The changes remodel PharmD students’ first year, providing immersive, progressive, and foundational experiences
By Katie Gerhards
For more than a year, faculty and staff in the University of Wisconsin–Madison School of Pharmacy’s experiential education program have been conducting surveys, focus groups, and listening sessions with our student pharmacists and preceptors, all geared toward enhancing a cornerstone of our Doctor of Pharmacy program: Introductory Pharmacy Practice Experiences (IPPEs).
Led by Professor Mara Kieser (BS ’81, MS ’84), assistant dean for experiential education, the group set out to address three main goals: reduce overlap in PharmD students’ class and IPPE schedules, make scheduling IPPE rotations easier for preceptors, and shift more experiential hours to the latter end of the PharmD curriculum, to make the most of students’ clinical capabilities.
“The PharmD Class of 2024 will be the first ones going through this new IPPE curriculum,” says Kieser. “It’s been a huge redesign that we think will make the IPPEs more effective for students and more convenient for everyone.”
At the same time, members of the School were crafting a complementary new course that would give first-year PharmD students a holistic, interdisciplinary look at pharmacy: the Pharmacy Integrated Learning Lab.
“We had the opportunity to create this as an integrated course, so that students in the first semester of their first year can experience a little bit of each of the School’s divisions — Pharmacy Practice, Pharmaceutical Sciences, and Social and Administrative Sciences — and lay a foundation for everything to come,” says Professor Beth Martin (BS ’90, MS ’03, PhD ’06), chair of the Pharmacy Practice Division. “This coincided perfectly with the IPPE scheduling changes to let students take what they learn and start applying it right away.”
In combination, the changes — spurred by student feedback — have remodeled our PharmD students’ first year and created the infrastructure to let pharmacy students connect with the profession earlier in their education, provide immersive clinical experiences, and set them up for success in the classroom and on rotation.
Historically, student pharmacists preparing for their IPPEs — which are clinical rotations completed throughout the first three years of the PharmD program — would contact preceptors at their rotation site and then negotiate hours, working around students’ classes and exams, as well as preceptors’ hours, days off, and other responsibilities. The result would often mean a patchwork of clinical hours, often at the cost of time in the classroom, and a deluge of back-and-forth emails.
“We really wanted to figure out a way for students to not feel like they had to compromise their education in order to complete requirements,” says Associate Professor Susie Barnett (PharmD ’04), who coordinates the second-year IPPE course. “That’s the starting point we had in mind when we approached this process.”
“Providing ample time in the classroom, immersive clinical experiences, and a solid foundation in this multifaceted profession all in the first year will give them all the tools they need to succeed as students and future practitioners.”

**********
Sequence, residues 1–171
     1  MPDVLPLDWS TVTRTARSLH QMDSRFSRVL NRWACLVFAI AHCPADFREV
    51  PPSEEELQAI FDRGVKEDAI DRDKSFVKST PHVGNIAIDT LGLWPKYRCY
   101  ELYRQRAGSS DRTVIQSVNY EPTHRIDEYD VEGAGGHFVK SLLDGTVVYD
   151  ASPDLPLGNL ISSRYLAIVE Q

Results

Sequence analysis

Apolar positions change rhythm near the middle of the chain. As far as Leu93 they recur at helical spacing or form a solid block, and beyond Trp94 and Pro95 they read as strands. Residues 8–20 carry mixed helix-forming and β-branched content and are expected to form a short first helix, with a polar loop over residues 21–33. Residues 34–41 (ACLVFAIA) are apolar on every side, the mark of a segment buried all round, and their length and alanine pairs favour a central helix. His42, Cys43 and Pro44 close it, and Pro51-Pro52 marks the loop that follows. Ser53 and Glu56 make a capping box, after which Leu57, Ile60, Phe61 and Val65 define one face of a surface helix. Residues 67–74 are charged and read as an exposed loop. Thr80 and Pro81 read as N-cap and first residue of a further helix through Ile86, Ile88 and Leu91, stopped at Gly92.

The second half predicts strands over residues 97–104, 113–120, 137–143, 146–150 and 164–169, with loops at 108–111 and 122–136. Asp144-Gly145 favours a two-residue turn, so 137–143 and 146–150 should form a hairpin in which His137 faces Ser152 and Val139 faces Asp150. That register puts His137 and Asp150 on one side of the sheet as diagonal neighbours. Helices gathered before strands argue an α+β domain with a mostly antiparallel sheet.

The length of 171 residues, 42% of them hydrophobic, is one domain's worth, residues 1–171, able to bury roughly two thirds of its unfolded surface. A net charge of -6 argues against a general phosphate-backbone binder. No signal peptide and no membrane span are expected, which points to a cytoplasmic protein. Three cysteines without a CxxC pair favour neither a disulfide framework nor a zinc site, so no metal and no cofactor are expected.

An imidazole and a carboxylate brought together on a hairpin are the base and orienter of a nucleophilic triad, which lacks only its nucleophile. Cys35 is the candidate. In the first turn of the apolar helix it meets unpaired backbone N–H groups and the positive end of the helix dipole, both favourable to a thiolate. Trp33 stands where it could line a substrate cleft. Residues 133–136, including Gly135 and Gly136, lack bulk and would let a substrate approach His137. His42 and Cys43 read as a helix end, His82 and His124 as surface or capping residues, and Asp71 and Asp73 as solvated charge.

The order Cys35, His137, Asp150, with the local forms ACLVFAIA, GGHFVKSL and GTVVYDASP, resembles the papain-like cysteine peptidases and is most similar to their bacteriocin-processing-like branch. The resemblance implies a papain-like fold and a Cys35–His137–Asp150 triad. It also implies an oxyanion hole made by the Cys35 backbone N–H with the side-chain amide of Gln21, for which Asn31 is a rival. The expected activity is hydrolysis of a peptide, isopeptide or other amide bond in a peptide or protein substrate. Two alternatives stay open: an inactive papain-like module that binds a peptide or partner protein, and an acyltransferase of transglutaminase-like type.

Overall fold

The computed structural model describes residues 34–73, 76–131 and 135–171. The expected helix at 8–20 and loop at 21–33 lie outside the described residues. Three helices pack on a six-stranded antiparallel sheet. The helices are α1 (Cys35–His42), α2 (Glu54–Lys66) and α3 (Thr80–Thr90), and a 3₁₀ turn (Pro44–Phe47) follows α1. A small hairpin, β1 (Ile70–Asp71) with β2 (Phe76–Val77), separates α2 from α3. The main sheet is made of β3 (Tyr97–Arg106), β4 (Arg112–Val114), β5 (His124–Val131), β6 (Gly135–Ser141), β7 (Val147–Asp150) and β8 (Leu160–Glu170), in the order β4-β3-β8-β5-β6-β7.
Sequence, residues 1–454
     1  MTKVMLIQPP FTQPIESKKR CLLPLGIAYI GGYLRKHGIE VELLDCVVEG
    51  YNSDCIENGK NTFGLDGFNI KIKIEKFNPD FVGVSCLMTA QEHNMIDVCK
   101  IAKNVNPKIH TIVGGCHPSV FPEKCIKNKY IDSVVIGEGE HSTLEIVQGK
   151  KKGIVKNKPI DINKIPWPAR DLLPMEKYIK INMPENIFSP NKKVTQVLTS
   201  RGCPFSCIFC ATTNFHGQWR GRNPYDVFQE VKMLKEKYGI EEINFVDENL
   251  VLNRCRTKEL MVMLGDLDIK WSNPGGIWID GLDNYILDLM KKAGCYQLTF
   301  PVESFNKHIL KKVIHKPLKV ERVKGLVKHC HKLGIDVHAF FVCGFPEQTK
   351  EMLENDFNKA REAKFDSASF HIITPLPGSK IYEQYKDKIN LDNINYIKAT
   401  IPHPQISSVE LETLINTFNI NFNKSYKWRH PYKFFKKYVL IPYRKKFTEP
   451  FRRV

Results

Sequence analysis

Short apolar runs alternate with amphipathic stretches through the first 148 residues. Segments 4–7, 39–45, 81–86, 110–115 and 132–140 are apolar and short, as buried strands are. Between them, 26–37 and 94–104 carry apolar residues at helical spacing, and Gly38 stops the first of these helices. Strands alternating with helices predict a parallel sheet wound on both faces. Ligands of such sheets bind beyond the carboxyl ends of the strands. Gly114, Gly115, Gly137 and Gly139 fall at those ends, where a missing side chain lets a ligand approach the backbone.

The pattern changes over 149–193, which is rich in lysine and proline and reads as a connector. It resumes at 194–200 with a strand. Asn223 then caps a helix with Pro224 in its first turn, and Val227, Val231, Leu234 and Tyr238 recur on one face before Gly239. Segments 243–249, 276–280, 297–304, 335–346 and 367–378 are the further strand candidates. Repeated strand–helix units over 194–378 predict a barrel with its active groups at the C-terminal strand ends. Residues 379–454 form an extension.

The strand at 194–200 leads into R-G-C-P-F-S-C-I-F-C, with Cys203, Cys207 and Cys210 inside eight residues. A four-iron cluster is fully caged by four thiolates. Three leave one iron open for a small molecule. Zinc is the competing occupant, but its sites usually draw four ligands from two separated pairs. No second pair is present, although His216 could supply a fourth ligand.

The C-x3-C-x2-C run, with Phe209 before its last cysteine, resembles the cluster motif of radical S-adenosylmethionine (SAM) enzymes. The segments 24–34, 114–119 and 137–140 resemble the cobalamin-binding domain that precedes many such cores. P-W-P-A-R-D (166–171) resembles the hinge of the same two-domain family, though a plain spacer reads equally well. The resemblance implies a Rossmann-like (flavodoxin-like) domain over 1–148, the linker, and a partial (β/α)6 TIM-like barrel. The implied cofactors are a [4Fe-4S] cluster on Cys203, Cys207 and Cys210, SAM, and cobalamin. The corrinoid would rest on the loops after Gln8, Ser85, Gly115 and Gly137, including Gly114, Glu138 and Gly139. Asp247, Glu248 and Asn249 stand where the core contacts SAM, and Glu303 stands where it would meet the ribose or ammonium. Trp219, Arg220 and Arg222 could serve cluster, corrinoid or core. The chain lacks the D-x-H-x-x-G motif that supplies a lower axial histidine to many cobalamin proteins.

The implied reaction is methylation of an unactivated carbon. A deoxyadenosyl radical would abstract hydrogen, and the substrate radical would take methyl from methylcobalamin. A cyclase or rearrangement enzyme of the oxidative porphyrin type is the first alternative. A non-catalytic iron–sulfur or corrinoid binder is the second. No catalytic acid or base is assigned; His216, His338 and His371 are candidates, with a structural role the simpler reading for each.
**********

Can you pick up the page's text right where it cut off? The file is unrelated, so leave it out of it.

The result of their work is a revamped IPPE schedule that instead uses blocks of time specifically set aside for IPPEs, which alleviates scheduling stress for students, faculty, and preceptors.
“This was definitely a group effort, with the entire faculty participating, as well as students and preceptors,” says Kieser. “There was a lot of input and I think we came up with some great solutions.”
Pharmacy students sign up for their IPPEs just as they sign up for classes, so they know exactly when they’re completing their rotations. Additionally, the new schedule features week-long rotations, meaning that students will get to spend more contiguous hours in practice for a more immersive experience.
The redesigned schedule went into effect for the 2020–21 academic year, with the Class of 2024 being the first to experience the new structure. They will have their first clinical rotations in January 2021, before the spring semester begins.
The progressive nature of IPPEs has also been reshaped, with first-year PharmD students building their foundational skills in a one-week (40 hours) community pharmacy rotation. They will get hands-on experience learning about a pharmacy workflow, using drug information resources, learning about the top 200 drugs, and analyzing information through the lens of health literacy.
Over the summer between their first and second years, student pharmacists advance to a one-week hospital rotation, plus 16 hours in an elective IPPE in a specialty practice area, such as critical care.
“The goal is to really build each level to have greater skills that prepare them for their APPEs, and then their APPEs (Advanced Pharmacy Practice Experiences) prepare them to be practice-ready at graduation,” says Kieser.
In their third year, PharmD students spend two weeks (80 hours) in a community pharmacy, two weeks in a hospital, and then a little over one week (40 hours) in an elective rotation, for a total of 200 hours — nearly double the IPPE hours previously allotted to third-year students.
“The third year we’ve scheduled heavily with experiential hours, because in the state of Wisconsin, that is when student pharmacists can become interns and participate in direct patient care, doing pharmacist-role activities under supervision,” says Kieser.